Monday, July 16, 2007

Hidden Kitchens

This is a great story from Chocolate & Zucchini about Hidden Kitchens. There is something innately human about the whole thing. The sense of giving, the risk, the humility. My wife and some friends once had a 'hidden' dinner. We used an Art Center that once was the summer home of the Ticonderoga family (the pencil people). A beatiful old building still with wood covered walls and massive staircases built to move grand piano around, back when people move grand pianos around their houses.

We split the menu up, since it was my idea I made a main. Half a Pheasant stuffed with Quince and wrapped in Pancetta, and a appetizer/palate cleanser, a grilled fresh pineapple slice. Trying to get a charcoal grill going while cooking 7 birds was bit of a challange. There were 5 courses and our friend the magazine editor (and home baker) did all the desserts. My wife made a pate piped onto a plate and covered with shitake mushroom caps (the pate being the stem). And a chestnut soup made from scratch. We in invited some close friends, maybe 10 people. My brother in law made a seafood risotto that was amazingly light for having soaked up so much stock. A teenaged friend made filet mignon with a red wine sauce, he later became a chef at one the top 10 restaurants in the Philadelphia area, he was 15 at the time.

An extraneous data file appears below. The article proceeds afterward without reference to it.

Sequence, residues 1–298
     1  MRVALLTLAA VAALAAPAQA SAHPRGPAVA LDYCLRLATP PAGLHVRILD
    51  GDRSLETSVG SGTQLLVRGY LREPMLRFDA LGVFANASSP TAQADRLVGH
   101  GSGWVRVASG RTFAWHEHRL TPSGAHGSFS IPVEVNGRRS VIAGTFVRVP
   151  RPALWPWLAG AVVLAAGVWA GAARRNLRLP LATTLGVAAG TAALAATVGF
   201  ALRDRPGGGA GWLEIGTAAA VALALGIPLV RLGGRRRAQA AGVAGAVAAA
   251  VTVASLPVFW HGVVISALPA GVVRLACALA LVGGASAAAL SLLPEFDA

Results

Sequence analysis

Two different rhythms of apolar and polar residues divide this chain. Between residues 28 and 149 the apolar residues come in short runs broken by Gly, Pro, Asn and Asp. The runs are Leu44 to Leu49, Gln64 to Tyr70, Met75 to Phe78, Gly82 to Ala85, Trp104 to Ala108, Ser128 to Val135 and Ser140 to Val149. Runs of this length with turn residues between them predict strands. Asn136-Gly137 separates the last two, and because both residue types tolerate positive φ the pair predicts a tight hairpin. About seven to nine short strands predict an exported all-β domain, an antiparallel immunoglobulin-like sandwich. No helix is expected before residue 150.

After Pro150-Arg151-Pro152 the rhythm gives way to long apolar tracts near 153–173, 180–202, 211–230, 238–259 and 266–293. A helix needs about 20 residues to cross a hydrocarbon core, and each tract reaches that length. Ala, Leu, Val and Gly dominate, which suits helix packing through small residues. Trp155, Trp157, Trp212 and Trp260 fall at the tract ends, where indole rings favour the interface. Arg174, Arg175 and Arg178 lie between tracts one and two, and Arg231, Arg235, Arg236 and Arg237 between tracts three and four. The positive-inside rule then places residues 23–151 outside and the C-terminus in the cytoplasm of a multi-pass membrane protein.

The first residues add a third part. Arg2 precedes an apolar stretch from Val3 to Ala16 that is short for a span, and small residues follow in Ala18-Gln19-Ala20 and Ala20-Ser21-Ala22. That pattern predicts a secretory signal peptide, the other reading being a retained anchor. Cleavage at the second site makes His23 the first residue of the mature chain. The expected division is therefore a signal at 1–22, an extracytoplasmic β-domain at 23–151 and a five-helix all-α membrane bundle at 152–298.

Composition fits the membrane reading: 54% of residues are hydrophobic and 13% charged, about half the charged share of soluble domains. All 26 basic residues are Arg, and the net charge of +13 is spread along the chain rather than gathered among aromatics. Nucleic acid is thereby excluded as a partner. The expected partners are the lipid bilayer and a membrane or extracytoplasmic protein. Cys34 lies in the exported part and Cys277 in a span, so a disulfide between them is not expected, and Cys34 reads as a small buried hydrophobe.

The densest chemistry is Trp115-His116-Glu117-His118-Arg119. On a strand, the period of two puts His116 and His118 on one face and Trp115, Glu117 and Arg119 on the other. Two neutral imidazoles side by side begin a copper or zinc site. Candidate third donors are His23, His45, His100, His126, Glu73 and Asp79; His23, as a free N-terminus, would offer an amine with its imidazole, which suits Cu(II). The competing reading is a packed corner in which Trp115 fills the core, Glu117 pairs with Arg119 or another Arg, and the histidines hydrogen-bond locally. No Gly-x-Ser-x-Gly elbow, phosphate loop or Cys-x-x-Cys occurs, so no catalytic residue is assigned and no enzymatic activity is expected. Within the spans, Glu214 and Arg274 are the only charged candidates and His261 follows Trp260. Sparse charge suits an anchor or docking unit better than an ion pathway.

We all cooked our recipes before the Fall Feast itself, I highly reccommend this step if you think about doing this. I once had a New Years eve dinner which was a disaster because I was not familiar with the dish I was cooking. This was so much fun, from start to finish, the ordering, the tracking down of Quince, etc, the shopping, the prep., the cooking, the smells! Everyones tension ratcheting while getting their dish ready for the table on time. The guests clapping for us when we came out to enjoy coffee and desserts with them. Anybody else ever done something like this, bit off more than you could chew and pulled it off?